Dog Dementia – Facts That You Should KnowEvidence Based
Nothing beats the happy moments that you get to share with your dog. But, sometimes in that happiness people forget that negative things exist well, such as dog dementia. Dogs are capable of experiencing senior moments that are often followed by disorientation and confusion. Read on and discover how you can postpone dementia and what are the symptoms so you can easily recognize it.
Dog dementia is one of those negative things that people just put under the rug until it appears. If you are a dog owner for some time already, you probably hate thinking about negative things, right? Well, sometimes, being ahead of things is the best thing that you can do for your dog.
A major part of being a good and responsible pet owner is to acknowledge that pets do get sick, and unfortunately, they do age. The more we can learn about all of the above, the better we can take care of them. That being said, step into the realm of dog dementia and learn how you can help your canine with this condition.
Some changes can be expected as your pet gets older. Most common changes are seen in decreased energy and lessen the ability to jump and run. In addition, there are also some common hip of back legs problems.
But, finding out that your dog can also have mental problems comes as a strong surprise for many people. Dog dementia, also known as canine cognitive dysfunction (CCD), has become a common problem that directly affects longevity. (1)
Canine Cognitive Dysfunction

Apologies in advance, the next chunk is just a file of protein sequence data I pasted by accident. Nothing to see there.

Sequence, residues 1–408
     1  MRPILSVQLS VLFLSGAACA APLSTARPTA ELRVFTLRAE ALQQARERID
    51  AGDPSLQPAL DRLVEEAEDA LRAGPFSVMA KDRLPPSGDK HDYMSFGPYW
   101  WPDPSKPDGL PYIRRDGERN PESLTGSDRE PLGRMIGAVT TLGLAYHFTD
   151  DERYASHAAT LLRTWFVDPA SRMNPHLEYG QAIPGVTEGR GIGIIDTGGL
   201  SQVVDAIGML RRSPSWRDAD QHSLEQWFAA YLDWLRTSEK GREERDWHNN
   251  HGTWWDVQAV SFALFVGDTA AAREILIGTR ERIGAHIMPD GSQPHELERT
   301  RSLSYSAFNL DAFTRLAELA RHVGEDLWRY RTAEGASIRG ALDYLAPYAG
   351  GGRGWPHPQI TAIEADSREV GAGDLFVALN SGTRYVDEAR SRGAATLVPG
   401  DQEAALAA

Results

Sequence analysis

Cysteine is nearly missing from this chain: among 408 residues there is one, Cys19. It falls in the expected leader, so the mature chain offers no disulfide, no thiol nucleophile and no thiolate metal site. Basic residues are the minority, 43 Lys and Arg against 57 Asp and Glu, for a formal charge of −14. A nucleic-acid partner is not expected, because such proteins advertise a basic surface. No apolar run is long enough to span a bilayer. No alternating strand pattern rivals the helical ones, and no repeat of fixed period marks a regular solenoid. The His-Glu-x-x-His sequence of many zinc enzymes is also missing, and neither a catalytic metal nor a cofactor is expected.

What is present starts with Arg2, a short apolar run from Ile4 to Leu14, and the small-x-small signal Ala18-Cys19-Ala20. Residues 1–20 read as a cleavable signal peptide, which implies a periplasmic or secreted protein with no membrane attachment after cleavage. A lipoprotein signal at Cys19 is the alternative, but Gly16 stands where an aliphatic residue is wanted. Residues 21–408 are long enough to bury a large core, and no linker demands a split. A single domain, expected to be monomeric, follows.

Canine Cognitive Dysfunction (CCD) is also known as cognitive dysfunction syndrome. This syndrome mostly affects a strong portion of the senior dog population. Yes, this is a lot similar to the occurrence of dementia in elderly people. (2) Interestingly, dogs with this condition live longer when there is joined effort between owners and veterinarian. The biggest issue lies in the fact that 85 percent of cases usually go undiagnosed.
Dog dementia is a serious issue and unfortunately, there is still not much awareness of it. You can probably hear from many the question – ‘Dogs get dementia?’— and that shouldn’t surprise you much, because this topic is yet to become mainstream.
Canine Cognitive Dysfunction (CCD) or Dog Dementia is an age-related neurobehavioral syndrome that leads to a strong decline in cognitive function that can be devastating for human/canine communication and relationship.
Signs Of Dog Dementia
Everything can be dealt with if discovered on time, and that applies to dog dementia as well. Being familiar with the signs of dementia will help you recognize any problems in the early stages. Next step is usually a conversation with your veterinarian and concrete action steps to help your canine. Knowing the numerous pet aging signs is an important part of being a responsible pet owner.
9 Signs Of Dog Dementia
Some symptoms are just signs of your canine getting older and they are inevitable. In most cases, you will have to prepare your surrounding for giving your dog peaceful and pleasant days of retirement. In this case you will have to deal with saying your dog goodbye.
However, if you’re experiencing different behavior in your dog you should call your veterinarian and schedule an appointment. Here are the top 9 signs of dog dementia to watch out for. You will notice them as your dog gets older.